Don't want to compete for sunbeds with the Germans? Come to the Outer Hebrides..

For people who hate people....Holiday in the Outer Hebrides.

As I mentioned before Wil and I have trips away planned for the beginning and middle of August as well as a weekend I have planned away with Little Brother. Each one of these plans will include camping (in a tent), biking and/or walking. I know, not a holiday according to some but we love this shit.

Ok, the plans with Little Bruv are still the same but thanks to that man introducing me to TRAIL magazine Wil and I have, well, er,  actually I have convinced Wil that according to trail number 11 in the August issue we should go and do the bike route in the Western Isles. That’s right the Western Isles, the Outer Hebrides, Scotland. Or,to put it another way, drive as far as you can to the north western coast of Scotland, about 600 miles from here and then get on a ferry and carry on until you reach a small island out in the middle of nowhere. Somewhere so far north that in the Summer they barely get 2 hours of darkness and in the winter, the reverse.

As usual Wil isn’t sure why he’s agreed to this but I’ve assured him it’ll be great. We’re going to load up our bikes with the tents, sleeping bags and mats and a few other necessities and we’re going to go for it. And let me assure you, this decision was not fuelled by Gin – it was made during the day while no other influences existed.

The trail we intend to do on the tour of the hills above Tarbert on Harris is 23km long and while we’ll have a few hours to do the ride we’ll be around for 2-3 days before having to return home again via the ride to the ferry, the ferry to the mainland where we’ll have left our car and the drive back home via 600 miles.

For the last few hours Wil has been walking around the house making remarks about our choice of holiday destination. Things like ‘well, we won’t be bumping into the neighbours when we’re holidaying in THE OUTER HEBRIDES” and “We won’t have to worry about pitching our tent before nightfall, because there is no nightfall in August in the OUTER HEBRIDES”… I love it, he cracks me up, especially with his last comment….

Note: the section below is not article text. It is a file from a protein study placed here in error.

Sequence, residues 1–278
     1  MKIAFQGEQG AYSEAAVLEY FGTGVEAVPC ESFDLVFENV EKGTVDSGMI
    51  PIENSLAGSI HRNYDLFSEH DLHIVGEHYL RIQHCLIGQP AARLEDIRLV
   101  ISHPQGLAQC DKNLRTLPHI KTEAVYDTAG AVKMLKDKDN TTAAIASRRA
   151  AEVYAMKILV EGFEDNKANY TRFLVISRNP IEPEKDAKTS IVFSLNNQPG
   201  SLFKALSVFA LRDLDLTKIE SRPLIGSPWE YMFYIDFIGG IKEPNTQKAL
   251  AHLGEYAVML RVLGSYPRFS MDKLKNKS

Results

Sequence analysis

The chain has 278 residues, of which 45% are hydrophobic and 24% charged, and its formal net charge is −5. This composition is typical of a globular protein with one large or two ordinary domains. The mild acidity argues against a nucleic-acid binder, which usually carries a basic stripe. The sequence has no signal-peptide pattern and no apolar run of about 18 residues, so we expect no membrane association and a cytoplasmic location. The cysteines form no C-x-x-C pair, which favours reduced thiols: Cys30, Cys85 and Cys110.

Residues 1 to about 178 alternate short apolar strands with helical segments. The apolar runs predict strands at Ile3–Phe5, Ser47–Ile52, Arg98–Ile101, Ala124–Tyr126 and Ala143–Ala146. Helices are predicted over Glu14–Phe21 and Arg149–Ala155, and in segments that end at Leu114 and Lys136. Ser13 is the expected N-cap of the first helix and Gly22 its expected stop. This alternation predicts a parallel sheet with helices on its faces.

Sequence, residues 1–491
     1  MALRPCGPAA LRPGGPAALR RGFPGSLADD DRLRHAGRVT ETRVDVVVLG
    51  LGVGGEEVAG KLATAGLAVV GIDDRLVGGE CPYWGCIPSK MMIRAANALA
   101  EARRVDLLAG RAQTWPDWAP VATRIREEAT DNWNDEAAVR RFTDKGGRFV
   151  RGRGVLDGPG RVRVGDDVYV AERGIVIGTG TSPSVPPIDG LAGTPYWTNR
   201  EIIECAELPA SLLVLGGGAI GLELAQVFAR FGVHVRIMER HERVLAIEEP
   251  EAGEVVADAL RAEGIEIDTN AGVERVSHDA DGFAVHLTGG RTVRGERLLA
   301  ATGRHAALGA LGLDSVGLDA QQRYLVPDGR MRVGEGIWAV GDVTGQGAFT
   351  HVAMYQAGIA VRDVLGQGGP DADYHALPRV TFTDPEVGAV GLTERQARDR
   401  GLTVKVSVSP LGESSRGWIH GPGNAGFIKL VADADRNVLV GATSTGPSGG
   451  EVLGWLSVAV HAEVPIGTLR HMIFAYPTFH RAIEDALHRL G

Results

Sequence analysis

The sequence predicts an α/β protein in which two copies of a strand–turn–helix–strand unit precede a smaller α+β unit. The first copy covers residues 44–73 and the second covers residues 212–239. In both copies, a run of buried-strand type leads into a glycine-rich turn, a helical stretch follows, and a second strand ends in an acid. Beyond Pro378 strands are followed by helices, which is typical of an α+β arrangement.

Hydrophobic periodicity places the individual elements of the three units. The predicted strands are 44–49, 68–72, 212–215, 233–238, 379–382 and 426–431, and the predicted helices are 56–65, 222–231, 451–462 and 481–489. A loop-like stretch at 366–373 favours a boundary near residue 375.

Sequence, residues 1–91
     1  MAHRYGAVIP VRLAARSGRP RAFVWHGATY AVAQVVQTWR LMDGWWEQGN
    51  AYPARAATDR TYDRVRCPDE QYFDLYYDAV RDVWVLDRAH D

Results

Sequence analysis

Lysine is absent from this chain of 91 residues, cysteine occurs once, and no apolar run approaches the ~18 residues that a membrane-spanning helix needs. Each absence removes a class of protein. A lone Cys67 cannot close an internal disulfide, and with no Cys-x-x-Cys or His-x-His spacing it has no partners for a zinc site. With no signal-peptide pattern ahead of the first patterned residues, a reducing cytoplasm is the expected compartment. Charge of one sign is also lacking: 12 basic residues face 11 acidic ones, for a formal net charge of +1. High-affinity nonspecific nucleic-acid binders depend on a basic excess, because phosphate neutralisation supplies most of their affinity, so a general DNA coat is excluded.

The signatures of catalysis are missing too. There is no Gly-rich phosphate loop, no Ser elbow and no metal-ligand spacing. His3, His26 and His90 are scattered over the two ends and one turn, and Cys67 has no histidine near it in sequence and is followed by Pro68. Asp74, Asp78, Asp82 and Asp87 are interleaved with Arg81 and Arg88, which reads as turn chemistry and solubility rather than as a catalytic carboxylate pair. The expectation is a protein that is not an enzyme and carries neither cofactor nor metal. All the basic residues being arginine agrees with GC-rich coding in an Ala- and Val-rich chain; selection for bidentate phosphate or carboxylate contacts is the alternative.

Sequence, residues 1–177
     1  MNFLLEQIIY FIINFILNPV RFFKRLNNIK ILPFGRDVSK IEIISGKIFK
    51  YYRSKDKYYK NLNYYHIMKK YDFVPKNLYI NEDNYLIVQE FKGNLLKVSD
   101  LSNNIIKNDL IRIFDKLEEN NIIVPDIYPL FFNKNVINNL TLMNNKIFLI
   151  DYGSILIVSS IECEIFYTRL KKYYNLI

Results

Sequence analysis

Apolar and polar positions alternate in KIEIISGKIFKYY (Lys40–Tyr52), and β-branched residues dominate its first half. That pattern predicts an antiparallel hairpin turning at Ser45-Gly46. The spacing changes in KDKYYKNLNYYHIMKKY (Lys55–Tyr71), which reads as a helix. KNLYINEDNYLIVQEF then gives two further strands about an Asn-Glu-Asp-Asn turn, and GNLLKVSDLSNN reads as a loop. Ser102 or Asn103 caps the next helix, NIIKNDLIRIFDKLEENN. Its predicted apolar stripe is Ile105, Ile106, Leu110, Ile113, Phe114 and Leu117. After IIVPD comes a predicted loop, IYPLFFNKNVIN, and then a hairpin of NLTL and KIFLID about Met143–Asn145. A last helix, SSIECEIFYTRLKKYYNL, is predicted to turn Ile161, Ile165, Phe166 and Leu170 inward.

“Nothing says we hate people like going on holiday in the OUTER HEBRIDES”

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Plans

Wild Camping in Scotland

Camping in Scotland

I’ve got a big case of super itchy feet. No, I don’t mean a case of atheletes foot I’m talking about needing to get out into the open, ditch the job and housework for a bit and get away from it all.

With several successful camping/mountain biking trips to Scotland, the Peak District and Wales under our belt we’ve been scheming for some time about taking it up a notch and doing a fly/bike/camp trip to the Sierra Nevada range in Spain. Obviously without our usual accompaniment of the car we’ll have to travel lighter and smarter so we plan to give this a couple of trial runs during August.

First we’re going to buy a new lighter weight 2 man tent. Our existing tent, albeit fairly new and only used several times is very heavy with a medium sized porch on the front. Great when we drive somewhere and have the luxury of dragging it out of the back of the car but about 6kgs heavier than you need on your back while biking a sweet piece of singletrack.